New Local Plan: Spatial Options Document 2021

Ended on the 22nd September 2021
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Decorative Image of SquirrelBiodiversity

Relevant Plan Objectives: 19, 22

To protect and enhance biodiversity and geodiversity, national policy requires plans to:identify, map and safeguard components of local wildlife-rich habitats and wider

ecological networks, including the hierarchy of international, national and locally

designated sites of importance for biodiversity, and promote the conservation, restoration and enhancement of priority habitats, ecological networks and the protection and recovery of priority species; and identify and pursue opportunities for securing measurable net gains for biodiversity.

Figure 31: Map Marked with Key Biodiversity Assets

Figure 31: Map of Key Biodiversity Assets

It is important that the plan protects and enhances areas within the District that are of importance for wildlife and biodiversity. Similarly, the plan will need to deliver clear net gains for biodiversity through its strategy, helping to mitigate the impacts of growth on the natural environment and promoting the conservation of important species.

Biodiversity designations exist at a variety of levels, including:

  • International, including Special Protection Areas (SPAs), Special Areas of Conservation (SACs) and Ramsar sites
  • National, including ancient woodlands, national nature reserves and Sites of Special Scientific Interest (SSSIs)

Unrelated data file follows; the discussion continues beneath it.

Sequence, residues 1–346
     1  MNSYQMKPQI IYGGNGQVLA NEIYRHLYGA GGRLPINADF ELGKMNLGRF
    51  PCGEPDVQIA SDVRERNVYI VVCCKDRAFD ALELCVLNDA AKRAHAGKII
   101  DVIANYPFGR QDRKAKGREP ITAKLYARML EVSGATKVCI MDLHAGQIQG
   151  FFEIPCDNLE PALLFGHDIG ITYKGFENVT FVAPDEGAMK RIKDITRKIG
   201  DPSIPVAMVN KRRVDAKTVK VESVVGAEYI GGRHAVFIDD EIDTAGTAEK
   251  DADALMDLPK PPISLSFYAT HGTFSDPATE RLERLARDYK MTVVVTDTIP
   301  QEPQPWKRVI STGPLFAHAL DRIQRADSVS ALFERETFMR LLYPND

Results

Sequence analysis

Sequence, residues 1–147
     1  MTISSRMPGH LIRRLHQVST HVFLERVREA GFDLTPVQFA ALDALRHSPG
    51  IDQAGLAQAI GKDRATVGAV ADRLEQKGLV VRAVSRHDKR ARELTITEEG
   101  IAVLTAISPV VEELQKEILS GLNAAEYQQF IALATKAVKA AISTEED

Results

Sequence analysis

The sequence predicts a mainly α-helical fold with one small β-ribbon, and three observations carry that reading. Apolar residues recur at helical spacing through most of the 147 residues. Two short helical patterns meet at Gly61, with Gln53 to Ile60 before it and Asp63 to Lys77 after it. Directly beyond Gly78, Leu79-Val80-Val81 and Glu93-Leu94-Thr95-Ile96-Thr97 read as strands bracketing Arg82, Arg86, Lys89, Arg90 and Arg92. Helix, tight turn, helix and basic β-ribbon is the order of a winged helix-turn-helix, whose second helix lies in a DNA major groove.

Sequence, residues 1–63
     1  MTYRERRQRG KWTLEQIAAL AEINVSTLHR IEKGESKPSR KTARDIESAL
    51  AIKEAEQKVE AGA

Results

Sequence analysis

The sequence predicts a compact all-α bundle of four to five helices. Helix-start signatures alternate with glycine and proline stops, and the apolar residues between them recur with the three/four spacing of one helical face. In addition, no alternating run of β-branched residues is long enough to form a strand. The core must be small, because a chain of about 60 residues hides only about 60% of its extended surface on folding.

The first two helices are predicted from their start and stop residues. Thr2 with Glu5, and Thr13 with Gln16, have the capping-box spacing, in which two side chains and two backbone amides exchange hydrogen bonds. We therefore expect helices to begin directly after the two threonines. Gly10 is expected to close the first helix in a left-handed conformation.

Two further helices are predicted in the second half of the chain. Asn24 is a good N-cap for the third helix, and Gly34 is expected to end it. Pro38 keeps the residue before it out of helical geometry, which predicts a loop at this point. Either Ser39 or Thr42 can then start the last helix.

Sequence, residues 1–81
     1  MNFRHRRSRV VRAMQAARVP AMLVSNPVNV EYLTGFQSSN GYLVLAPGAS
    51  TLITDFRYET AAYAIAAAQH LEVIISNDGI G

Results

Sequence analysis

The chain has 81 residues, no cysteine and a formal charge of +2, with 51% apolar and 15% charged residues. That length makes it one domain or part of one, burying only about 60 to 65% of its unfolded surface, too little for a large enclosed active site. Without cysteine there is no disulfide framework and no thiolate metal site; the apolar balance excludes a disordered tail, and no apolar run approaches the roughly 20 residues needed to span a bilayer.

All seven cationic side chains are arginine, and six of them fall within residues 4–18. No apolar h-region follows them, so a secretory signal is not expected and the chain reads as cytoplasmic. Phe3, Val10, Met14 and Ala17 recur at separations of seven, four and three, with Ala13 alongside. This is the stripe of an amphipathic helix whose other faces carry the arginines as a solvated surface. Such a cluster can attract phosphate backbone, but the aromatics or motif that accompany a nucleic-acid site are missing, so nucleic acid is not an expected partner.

• Local, including local wildlife and geological sites and local nature reserves

The District is home to a variety of these designations, including many international sites along its coast, an in-land SSSI at Hockley Woods, 14 areas of ancient woodland, 39 local wildlife sites and four local nature reserves. With the exception of local wildlife and geological sites, the designation of these areas is outside of the remit of the plan, but nevertheless their protection through the planning system is mandated by law and in national policy.

The Council is part of the Essex Coast Recreational disturbance Avoidance and Mitigation Strategy (RAMS) partnership which is a partnership of 11 local authorities in Essex aimed at appropriately avoiding and mitigating the impacts of new housing development on coastal habitats (through increased recreational disturbance). This partnership has already delivered a strategy and Supplementary Planning Document (SPD) which together aim to deliver a defined mitigation package financed through planning obligations. Over time, it will be important to update this strategy and mitigation package to ensure it takes account of the most up-to-date projections of housing growth across Essex. It is proposed that the plan supports the implementation of the Essex Coast RAMS strategy, and its updates, through an appropriate policy.

We have also prepared a Local Wildlife Sites review to survey our existing local wildlife sites to assess their condition, whilst also considering whether other areas of land are worthy of protection as either a new local wildlife site or local geological site. This review followed a set of criteria as set out in national planning guidance and concluded that 8 new local wildlife sites should be designated, at:

  • Cherry Orchard Country Park
  • Marylands Nature Reserve
  • Buller's Grove
  • Bartonhall Grove
  • Stannetts Creek
  • Barton Hall Creek Seawall
  • Ashingdon Pastures, and